Redundant security can be provided by using a Virtual Private Network (VPN) to establish exclusive connections over the Internet. Coupled with encrypted fax documents and PGP digital signatures, VPNs may be overkill when it comes to secure Internet faxing.

It's hard to control the security implemented by business partners. If you send an Internet fax to a partner's fax machine number, the printout is subject to the security vulnerabilities noted above. If possible, you should get your partners to use a more secure all-digital Internet fax solution such as fax-to-email or the SSL method described above. Hopefully, they're just as concerned with security as you are.

Bottom line, my take is that internet faxing is more secure than using good old-fashioned office fax machines, because encryption is typically NOT used when sending from one machine to another. Faxes travel across the public telephone network, and are subject to potential interception by motivated hackers. But because encryption is used by online fax services, and faxes can be delivered directly to the recipient's inbox, online faxing is a more secure option.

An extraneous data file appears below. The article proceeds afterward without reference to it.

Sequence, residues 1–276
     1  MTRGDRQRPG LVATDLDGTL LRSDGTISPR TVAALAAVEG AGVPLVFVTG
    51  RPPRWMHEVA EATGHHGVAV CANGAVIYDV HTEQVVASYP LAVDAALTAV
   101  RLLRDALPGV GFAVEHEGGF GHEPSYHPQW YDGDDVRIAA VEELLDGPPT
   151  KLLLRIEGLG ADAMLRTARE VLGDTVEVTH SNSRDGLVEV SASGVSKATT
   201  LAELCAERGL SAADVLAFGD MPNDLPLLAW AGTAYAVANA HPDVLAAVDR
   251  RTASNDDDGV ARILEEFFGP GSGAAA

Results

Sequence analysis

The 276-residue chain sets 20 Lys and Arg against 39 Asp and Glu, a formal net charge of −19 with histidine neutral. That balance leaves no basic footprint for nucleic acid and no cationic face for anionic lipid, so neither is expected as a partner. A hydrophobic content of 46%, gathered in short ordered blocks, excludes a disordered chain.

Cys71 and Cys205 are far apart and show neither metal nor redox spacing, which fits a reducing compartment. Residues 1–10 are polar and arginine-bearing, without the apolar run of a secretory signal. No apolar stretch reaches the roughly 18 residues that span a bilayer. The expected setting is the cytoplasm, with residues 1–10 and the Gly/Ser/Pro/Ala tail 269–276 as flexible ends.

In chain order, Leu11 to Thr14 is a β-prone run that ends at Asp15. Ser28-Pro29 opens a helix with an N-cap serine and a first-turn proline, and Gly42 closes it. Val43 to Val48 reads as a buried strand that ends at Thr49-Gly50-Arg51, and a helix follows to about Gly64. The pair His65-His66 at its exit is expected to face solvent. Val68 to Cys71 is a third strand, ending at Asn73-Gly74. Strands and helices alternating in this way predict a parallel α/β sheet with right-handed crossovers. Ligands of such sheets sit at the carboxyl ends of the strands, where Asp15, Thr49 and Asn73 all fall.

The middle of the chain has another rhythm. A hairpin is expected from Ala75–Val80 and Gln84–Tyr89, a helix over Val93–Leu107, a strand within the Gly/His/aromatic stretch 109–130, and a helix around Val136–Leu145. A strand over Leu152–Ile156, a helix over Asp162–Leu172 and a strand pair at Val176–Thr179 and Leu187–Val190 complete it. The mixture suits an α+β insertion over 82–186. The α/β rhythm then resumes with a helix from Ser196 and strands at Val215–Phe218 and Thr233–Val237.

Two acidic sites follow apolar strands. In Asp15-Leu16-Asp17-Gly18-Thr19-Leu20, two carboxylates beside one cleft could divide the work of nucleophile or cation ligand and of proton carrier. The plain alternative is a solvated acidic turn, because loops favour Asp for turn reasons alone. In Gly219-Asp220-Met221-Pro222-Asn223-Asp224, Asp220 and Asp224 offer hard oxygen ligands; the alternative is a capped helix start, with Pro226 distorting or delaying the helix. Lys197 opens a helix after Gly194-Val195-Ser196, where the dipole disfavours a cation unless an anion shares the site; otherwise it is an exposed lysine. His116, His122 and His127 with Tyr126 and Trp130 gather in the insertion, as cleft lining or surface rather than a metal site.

Do you have something to say about the security of online faxing? Post your comment or question below...

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Most recent comments on "Is Internet Faxing Secure?"

Posted by:

Lee McIntyre
25 Mar 2011

Bob, I need you to "connect the dots" for me. We know not to put private information such as credit card numbers in e-mail messages, because those messages are no more secure than post cards sent through the U.S. Postal Service.

I receive all my incoming faxes as unencrypted PDF documents attached to e-mail messages, from my fax provider. Are those unencrypted PDF attachments any more secure that the e-mail messages they are attached to?

EDITOR'S NOTE: If they are not encrypted, then no.

Posted by:

25 Mar 2011

If you send a fax over the Internet to someone's computer, why not just email it to them? Encrypted of course.

Posted by:

Jason Wallwork
26 Mar 2011

Just used FaxZero about a week ago. I have all-in-one printer but it doesn't do faxing. So I scanned in a couple of signed documents and used FaxZero to fax them to their destinations. I asked on of the places I faxed to if the cover sheet advertisement was annoying and they assured me it wasn't. They thought it was kind of neat, actually.

The cheap scanner software that came with the printer only scans in JPG, GIF or PNG formats (or coverts to text via OCR) so I used Bullzip PDF printer to convert the scan to a PDF (Fax zero doesn't accept image files). Altogether, an easy and effective service.